Eastfields Station

Part of the debate – in Westminster Hall at 12:29 pm on 18th December 2002.

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Photo of Siobhain McDonagh Siobhain McDonagh Labour, Mitcham and Morden 12:29 pm, 18th December 2002

I am grateful to have secured this timely debate. It seems all the more timely given yesterday's statement on public transport investment by the Secretary of State for Transport. I realise the irony of using words such as timely and public transport in the same breath. However, my intention is serious. I want to make a strong case for a much earlier decision to be made on the siting of a station or halt at the Eastfields level crossing in my constituency. That decision appeared to have been taken, with the station due to open in 2004, but the idea has now been shelved indefinitely.

I am grateful to the Minister for attending to answer the debate. I hope that he can offer some hope to my constituents that they may yet see the opening of the station that they have been waiting for. He may want to make other comments about the future of public transport in less affluent areas such as the Eastfields area of Mitcham, which are disconnected from transport systems enjoyed in much more affluent areas.

I hope that the Minister will agree that the proposal for a station at Eastfields must be treated as a priority by the Strategic Rail Authority, and I urge him to use his good offices to persuade the SRA to bring Eastfields station back up the agenda and to make an early decision.

Eastfields, on the borders of Longthornton, Pollards Hill and Figges Marsh wards in the Mitcham area, has a high-density residential population as well as three schools. It has one of the largest council estates in my constituency, surrounded by streets of typical suburban semis dating from the inter-war years. It also has the two largest derelict industrial sites in the borough.

Eastfields has suffered in recent decades from the sharp rise in antisocial scourges such as graffiti, vandalism, fly tipping and abandoned cars, as well as a decline in close-knit communities and a lack of local facilities. A survey that I carried out in the area last summer, to which hundreds of local residents responded, clearly showed that people desperately want to see more facilities in their area and better transport links. Indeed, almost everyone who responded to my questionnaire said that they wanted better rail links, including a station at Eastfields and access to the Croydon to Wimbledon tram.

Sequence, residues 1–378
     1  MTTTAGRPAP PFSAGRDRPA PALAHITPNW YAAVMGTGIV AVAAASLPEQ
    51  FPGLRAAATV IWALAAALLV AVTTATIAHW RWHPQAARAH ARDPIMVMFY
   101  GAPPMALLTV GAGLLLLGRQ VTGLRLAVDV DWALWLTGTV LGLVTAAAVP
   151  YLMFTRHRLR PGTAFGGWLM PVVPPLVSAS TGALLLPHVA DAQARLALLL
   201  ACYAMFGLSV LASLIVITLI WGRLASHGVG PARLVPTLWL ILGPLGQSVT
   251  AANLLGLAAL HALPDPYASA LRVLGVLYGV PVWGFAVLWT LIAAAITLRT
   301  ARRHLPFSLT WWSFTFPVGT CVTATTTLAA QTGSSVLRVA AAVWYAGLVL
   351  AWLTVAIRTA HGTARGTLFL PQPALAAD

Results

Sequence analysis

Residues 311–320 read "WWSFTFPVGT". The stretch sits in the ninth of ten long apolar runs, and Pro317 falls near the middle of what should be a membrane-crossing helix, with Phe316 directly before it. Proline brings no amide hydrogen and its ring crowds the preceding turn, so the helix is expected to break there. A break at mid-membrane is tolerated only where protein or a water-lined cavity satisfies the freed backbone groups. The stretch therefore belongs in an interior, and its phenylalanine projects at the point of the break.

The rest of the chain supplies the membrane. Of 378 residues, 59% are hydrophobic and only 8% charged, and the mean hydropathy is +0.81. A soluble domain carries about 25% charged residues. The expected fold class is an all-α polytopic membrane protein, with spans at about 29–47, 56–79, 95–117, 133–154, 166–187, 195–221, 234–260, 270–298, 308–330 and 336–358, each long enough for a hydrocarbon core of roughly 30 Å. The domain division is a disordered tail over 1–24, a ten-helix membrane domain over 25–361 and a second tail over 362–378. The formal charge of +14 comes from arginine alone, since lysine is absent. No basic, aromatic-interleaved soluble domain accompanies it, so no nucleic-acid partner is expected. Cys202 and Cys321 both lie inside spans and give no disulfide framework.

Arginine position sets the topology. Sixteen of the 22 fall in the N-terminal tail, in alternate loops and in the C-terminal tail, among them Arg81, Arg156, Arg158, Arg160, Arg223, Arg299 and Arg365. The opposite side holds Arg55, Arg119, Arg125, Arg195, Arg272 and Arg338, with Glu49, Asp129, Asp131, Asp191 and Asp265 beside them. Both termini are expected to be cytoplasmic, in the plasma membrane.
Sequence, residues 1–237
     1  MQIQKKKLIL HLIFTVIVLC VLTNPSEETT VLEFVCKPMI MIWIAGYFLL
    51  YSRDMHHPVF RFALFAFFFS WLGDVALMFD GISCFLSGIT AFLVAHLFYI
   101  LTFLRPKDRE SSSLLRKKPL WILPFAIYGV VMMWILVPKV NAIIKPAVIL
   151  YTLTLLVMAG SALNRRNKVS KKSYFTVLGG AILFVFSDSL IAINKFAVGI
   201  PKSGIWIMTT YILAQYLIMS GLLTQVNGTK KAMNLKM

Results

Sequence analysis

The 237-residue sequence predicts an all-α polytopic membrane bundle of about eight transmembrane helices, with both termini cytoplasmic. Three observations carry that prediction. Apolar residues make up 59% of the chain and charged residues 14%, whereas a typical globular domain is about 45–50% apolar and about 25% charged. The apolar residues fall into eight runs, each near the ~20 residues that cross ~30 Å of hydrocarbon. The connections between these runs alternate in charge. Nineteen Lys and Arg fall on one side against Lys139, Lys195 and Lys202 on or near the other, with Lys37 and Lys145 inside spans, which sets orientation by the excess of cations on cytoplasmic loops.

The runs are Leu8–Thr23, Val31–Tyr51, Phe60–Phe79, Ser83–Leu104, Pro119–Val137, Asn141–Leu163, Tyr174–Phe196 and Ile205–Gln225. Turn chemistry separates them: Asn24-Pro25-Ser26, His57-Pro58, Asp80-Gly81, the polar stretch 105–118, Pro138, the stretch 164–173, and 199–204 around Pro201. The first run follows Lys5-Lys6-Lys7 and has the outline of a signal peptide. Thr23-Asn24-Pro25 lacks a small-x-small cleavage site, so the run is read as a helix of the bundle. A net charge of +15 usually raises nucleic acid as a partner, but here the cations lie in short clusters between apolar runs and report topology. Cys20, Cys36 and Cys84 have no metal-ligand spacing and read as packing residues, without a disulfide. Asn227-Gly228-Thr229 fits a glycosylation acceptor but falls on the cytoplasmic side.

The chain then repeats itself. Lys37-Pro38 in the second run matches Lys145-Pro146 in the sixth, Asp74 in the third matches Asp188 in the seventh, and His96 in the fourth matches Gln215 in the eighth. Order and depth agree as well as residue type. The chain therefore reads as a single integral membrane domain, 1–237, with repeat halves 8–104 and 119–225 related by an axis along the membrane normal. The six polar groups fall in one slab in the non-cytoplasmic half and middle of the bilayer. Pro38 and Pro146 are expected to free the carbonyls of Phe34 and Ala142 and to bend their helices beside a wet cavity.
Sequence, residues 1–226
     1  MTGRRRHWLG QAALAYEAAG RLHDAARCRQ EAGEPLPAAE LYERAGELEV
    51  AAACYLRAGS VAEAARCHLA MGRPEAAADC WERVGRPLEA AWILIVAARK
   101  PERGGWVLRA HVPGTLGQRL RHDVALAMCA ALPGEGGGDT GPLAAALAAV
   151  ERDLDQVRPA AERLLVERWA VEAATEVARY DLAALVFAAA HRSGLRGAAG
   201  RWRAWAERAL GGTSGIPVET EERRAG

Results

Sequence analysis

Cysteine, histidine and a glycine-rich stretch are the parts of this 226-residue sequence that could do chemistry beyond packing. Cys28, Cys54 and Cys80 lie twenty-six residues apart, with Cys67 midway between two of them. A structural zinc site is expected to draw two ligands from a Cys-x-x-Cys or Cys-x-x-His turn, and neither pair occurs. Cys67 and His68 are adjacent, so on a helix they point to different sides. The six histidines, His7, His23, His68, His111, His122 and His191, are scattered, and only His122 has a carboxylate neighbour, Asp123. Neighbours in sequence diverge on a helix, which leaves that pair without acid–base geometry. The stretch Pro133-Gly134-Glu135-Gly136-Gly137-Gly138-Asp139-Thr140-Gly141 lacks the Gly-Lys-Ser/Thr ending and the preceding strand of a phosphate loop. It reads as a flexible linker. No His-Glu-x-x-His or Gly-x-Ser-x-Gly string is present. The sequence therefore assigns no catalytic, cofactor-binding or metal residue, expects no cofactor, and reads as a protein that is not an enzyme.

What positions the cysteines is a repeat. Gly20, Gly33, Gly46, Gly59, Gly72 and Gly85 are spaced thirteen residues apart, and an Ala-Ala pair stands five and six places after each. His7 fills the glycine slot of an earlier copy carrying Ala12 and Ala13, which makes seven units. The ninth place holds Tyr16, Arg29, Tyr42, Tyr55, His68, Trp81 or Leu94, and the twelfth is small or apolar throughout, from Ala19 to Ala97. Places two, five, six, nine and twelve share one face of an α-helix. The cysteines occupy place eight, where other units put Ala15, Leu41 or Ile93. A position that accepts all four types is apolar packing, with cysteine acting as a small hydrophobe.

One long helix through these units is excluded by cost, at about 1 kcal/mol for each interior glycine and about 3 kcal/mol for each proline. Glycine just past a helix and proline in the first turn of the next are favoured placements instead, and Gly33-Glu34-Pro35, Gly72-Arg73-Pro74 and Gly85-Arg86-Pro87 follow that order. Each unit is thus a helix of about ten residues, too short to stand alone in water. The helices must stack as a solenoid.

There can be no question but that Eastfields has suffered from not having a direct railway link, even though the construction of a station or halt at the level crossing would be straightforward. As such, it has been mooted for many years. Merton borough council is especially keen to develop the station, which would be on the line between Victoria and Mitcham junction, and would open up the area for travel to central London and rail links in Croydon.

The wards surrounding the Eastfields area are among the most deprived in the borough of Merton. It is telling that the seven most deprived wards in Merton are in my constituency, which proves my long-held opinion that Mitcham and Morden has consistently lost out to wealthier places when funds are shared out for public transport, education, health and regeneration projects. I wanted to become a Labour Member of this House to turn over that inequality, and I am here today to speak about the needs of my constituents.

I understand that, in the mapping carried out as part of Merton's neighbourhood renewal project, all the evidence showed that communities in the area that would benefit from a station at Eastfields suffered disproportionately from income deprivation, child poverty, low levels of education and attainment, poor access to health and social care, crime and disorder and low access to public transport for employment. The communities that would benefit from the station include those disadvantaged in many other respects, including elderly people as well as significant concentrations of people from ethnic minorities. As the Minister will be aware, those from ethnic minorities experience disproportionate levels of unemployment and isolation, which adversely affect their opportunities and life chances. Too many people in the eastern part of Merton share such disadvantages.

The problem is much more than the lack of a station—a transport inequality. It concerns financial inequality, health inequality, inequality in education and—plain and simple—social inequality. Eastfields school will increase its intake from 840 to 1,200 pupils per year from 2003. The infrastructure work associated with that, including new paths to and from a possible Eastfields station, is part of the planning conditions for the school's developments. As such, it will be in any plans for Eastfields station.